The title, A Welcome Home feels apt, as over the past week I have done just that. Welcomed my husband and sons home, and I’m in my element again, cooking and preparing family meals. 
So, are you a foodie? Do you like to experiment with new ingredients and recipes? Or do you see food as fuel? Cooking as just another chore to be completed. If you are a writer, how do you use food in your work?


To preorder a copy of Potluck Zine and help others enjoy a decent meal, just click on the link to order a copy (which will be issued at the beginning of August)… Preorder Potluck Zine

Issue 4 of Potluck Zine : FEAST

Thanks for reading, and I hope you enjoy!
Rae x

Posted by Rae Cowie at 7/31/2021 02:25:00 pm  Email ThisBlogThis!Share to TwitterShare to FacebookShare to PinterestLabels: Food MagazineFood PovertyFood StoriesFood ZineFoodie StoriesMary BerryPotluck ZineShort FictionThe Trussell Trust


  1. Terry Lynn Thomas1 August 2021 at 21:42Great post, Rae. And I realized after reading it that I have a scene in every Olivia Sinclair book where Olivia and her best friend Lauren eat lunch or breakfast. (And they don’t count calories!) Now I’m hungry…ReplyDeleteReplies
    1. Rae Cowie2 August 2021 at 09:57You’re right, calories don’t count when eating with a friend!Delete
  2. Victoria Cornwall2 August 2021 at 08:36What a great post, Rae, and congratulations on having Welcome Home selected for the feast issue of Potluck Zine. Dinner (hot) and then tea at five (cold)… takes me back to my childhood. In our house meals were not served past 6pm. Anything past 6 was supper and usually consisted of no more than a snack and a warm drink. Simpler times. 🙂ReplyDeleteReplies
    1. Rae Cowie2 August 2021 at 10:02Thanks Victoria. Your childhood meal routine sounds very similar to mine. My best friend had dinner at 6pm, which sounded far posher than our tea at 5!Delete
  3. Just Another Bloke (John Jackson)2 August 2021 at 11:47Congratulations, Rae. Also, the Trussell Trust do a fantastic job with foodbanks. It is so very sad that there is a need for their work. *sigh*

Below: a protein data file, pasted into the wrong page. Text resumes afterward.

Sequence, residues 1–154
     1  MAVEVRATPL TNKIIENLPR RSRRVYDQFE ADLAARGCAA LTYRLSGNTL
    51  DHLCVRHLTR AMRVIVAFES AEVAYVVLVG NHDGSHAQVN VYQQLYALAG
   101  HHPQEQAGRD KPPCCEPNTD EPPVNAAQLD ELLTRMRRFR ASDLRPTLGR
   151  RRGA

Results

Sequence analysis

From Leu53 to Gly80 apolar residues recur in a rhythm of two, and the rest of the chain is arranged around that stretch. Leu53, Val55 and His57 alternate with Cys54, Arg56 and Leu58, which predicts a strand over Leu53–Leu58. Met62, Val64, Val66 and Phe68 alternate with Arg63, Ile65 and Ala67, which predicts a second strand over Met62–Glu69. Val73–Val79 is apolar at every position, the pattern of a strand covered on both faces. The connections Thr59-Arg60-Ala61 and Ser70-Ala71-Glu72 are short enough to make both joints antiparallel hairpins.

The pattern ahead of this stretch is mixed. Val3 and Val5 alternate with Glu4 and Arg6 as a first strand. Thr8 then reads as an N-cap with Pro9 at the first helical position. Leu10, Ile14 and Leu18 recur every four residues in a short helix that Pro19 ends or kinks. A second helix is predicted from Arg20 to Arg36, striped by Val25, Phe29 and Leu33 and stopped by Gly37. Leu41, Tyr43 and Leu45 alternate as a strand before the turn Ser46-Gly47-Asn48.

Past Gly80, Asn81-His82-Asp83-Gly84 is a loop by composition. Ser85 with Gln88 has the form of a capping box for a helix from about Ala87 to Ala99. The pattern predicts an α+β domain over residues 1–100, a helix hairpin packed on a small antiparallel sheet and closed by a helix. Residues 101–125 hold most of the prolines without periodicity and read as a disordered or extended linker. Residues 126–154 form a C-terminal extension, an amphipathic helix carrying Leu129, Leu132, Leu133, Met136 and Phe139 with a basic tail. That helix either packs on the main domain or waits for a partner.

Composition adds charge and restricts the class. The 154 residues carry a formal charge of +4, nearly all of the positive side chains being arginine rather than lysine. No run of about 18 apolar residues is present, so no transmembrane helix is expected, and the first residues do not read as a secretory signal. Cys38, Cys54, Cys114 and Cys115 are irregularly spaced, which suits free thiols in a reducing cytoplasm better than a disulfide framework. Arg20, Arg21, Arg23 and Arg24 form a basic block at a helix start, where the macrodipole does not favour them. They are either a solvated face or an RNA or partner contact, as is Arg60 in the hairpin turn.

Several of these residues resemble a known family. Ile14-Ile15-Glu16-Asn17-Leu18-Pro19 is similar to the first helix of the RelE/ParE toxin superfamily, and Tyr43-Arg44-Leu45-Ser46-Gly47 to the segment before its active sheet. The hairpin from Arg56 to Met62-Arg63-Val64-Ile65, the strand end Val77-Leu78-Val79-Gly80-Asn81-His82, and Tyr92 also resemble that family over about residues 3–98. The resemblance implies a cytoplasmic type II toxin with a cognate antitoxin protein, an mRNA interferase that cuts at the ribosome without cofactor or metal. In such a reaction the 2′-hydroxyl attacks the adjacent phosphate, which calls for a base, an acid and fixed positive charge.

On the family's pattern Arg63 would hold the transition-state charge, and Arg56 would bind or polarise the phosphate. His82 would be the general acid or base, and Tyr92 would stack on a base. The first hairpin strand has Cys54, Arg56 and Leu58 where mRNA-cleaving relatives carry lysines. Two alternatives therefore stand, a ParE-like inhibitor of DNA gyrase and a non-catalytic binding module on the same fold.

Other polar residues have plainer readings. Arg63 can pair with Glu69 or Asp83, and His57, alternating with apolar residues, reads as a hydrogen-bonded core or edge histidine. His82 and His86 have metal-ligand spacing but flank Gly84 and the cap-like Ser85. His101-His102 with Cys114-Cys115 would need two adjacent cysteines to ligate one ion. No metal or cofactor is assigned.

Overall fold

A cause worth supporting, and a writer worth reading!

    John 🦔🦔🦔ReplyDeleteReplies
    1. Rae Cowie2 August 2021 at 18:50Aw thank you, John. I agree, it’s so sad that the need for food banks is growing, but fantastic that Potluck Zine are doing what they can to help.Delete

Children in Read 2021

Yes – it’s all kicking off again!! Pudsey is Back in Town!

Paddy Heron has just opened up the Auction for this year’s Children in Read charity auction. If you donated last year, then we would love you to express your generosity again!  If this is all new to you, then read on.

Children in Read is a charity auction of signed books by both Authors and Illustrators. This is the 7th year of the auction and last year we raised over £21,000.

Its open to both mainstream published authors and Indie authors! If you have a physical book to donate, that’s fine! ALL genres welcome!

A reminder:

  1. Follow Paddy on Twitter at @Childreninread
  2. Send him a Direct Message telling him you want to donate and give him:

a. The Title

b. The Amazon Link so he can use it for your Bio, the book blurb, the Cover and Headshot

c. Your Bio, Blurb and Headshot if not on your Amazon Page.

Include your website and social media links in your Bio.


Email him at with the above info, although Paddy does seem to prefer Twitter.

So many author friends were very generous last year, and I’ll be doing regular Promo posts as last year by way of a thankyou..

Every author who donates will have their twitter added to so you can see everyone else who has committed to donate.

They will also be invited to join the Facebook Group I use for promoting the event at  Like last year I hope to advertise the event and your contribution through a series of collages.

Cheers and thanks!!